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Aviation Community Helps in Recovery Search for Man Overboard

By Mallory Peebles, Crime and Law Enforcement, Natural Resources and Parks Reporter, Fill-in Anchor, mpeebles@ktuu.com
Published On: Dec 24 2013 07:00:34 AM AKST
Updated On: Oct 11 2013 10:20:41 PM AKDT

Reporter: Mallory Peebles/Photographer: Rick Schleyer

ANCHORAGE, Alaska -

The mother of a Wasilla man, who went overboard Sunday night in the Cook Inlet by the small boats harbor in Anchorage, dried her eyes from tears and boarded a plane Friday afternoon in hopes of finding of her missing son.

"I'm not going to cry,” said Rita McNeal. “I told myself I need dry eyes to find him if he's going to surface.”

Just before midnight Sunday, Peter McNeal, 28, fell off a skiff on his way back to a tug boat operated by Brice Incorporated. For the next 18 hours, multiple search and rescue crews scoured a 10-square-mile area. On Monday evening, the Coast Guard suspended the search.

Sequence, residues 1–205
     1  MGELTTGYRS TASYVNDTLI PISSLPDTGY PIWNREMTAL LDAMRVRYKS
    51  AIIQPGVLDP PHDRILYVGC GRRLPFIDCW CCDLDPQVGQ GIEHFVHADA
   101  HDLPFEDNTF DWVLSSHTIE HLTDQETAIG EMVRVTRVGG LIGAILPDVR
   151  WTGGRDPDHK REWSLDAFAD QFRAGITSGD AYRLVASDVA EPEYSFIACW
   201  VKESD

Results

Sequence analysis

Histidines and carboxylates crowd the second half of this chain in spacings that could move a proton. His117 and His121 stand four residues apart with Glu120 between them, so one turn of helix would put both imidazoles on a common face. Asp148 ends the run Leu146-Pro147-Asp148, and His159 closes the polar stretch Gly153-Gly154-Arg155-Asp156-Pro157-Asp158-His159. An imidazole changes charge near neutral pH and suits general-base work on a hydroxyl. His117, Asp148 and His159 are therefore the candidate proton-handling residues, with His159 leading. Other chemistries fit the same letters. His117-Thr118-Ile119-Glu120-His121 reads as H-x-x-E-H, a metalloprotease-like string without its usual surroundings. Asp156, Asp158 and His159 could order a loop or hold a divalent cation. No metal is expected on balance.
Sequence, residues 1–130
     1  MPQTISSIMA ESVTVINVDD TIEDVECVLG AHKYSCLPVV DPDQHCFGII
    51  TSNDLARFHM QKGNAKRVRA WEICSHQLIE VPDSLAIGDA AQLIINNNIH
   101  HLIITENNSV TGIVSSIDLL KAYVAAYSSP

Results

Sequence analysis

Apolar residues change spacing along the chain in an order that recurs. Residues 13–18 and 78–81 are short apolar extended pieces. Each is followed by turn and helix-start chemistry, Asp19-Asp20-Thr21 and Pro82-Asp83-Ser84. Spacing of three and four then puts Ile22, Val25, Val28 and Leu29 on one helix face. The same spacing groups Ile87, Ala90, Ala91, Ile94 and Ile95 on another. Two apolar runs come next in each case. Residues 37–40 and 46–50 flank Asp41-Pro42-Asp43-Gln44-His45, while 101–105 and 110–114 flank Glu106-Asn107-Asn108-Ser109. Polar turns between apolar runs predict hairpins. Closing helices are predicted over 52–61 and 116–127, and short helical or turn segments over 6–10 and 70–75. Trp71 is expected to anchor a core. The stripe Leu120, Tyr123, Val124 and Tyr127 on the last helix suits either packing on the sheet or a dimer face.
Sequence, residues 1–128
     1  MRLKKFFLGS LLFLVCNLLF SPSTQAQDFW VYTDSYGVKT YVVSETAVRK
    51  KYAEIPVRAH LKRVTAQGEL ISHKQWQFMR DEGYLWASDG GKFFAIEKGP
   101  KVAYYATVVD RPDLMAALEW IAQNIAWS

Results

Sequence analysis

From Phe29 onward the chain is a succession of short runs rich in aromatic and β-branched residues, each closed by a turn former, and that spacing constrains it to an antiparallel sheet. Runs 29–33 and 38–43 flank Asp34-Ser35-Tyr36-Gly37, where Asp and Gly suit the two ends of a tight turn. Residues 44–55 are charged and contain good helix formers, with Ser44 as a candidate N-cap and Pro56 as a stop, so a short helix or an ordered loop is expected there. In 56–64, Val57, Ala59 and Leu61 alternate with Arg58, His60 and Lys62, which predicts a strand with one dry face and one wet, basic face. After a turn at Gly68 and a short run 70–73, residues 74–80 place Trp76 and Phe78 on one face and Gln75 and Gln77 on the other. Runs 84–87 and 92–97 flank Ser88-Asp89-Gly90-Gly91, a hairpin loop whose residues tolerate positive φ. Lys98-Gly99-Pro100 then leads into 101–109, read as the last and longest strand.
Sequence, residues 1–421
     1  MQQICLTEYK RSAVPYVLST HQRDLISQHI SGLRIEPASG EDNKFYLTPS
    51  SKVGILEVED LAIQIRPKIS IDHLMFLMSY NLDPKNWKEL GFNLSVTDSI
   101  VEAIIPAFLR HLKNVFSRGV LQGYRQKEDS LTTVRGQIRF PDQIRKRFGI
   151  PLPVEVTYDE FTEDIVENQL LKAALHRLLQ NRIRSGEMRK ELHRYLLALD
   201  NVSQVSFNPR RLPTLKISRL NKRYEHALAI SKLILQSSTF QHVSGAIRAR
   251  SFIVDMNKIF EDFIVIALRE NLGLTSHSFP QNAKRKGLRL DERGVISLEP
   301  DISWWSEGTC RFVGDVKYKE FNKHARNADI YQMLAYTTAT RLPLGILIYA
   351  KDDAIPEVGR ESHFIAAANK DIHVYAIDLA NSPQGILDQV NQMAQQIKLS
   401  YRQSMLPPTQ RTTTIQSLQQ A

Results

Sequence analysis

Volunteers with the aviation community have spent about 20 hours after the initial efforts of fellow Good Samaritans, Anchorage Fire Department, Anchorage Police Department, Alaska State Troopers and the Coast Guard.

McNeal worked for Brice Incorporated, a subsidiary of Calista Corporation, which helped with a plane search Friday that boarded Rita McNeal, a friend of Peter and three other people.

Alba Brice, General Manager of Brice Incorporated, says the company is focused on helping co-workers and friends heal from this loss. Brice would not go into detail on company policy but says wearing a personal Flotation Device is required when aboard a skiff. 

According to the Coast Guard, no law requires adults to wear a PFD, even if they are on commercial vessels, but it's highly recommended.

"Accidents can happen at any time and the more prepared you are the better you are for surviving a fall overboard or a capsizing," said Jon Jones, a USCG commercial fishing vessel safety coordinator .  "So if you already have flotation on the battle for surviving is already done."

Rita McNeal says she believes her son was wearing his PFD since it was never recovered in the boat or anywhere else.

The McNeal family says they're extremely thankful to all of the volunteers and people that have reached out with kind words during this difficult time. What's most important to her right now though, is finding Peter and bringing him home. 

"We know it's a long shot, the inlet is treacherous," said Rita McNeal. "We know it's a long shot finding him out there, it's a big, big inlet, but we feel we needed to try."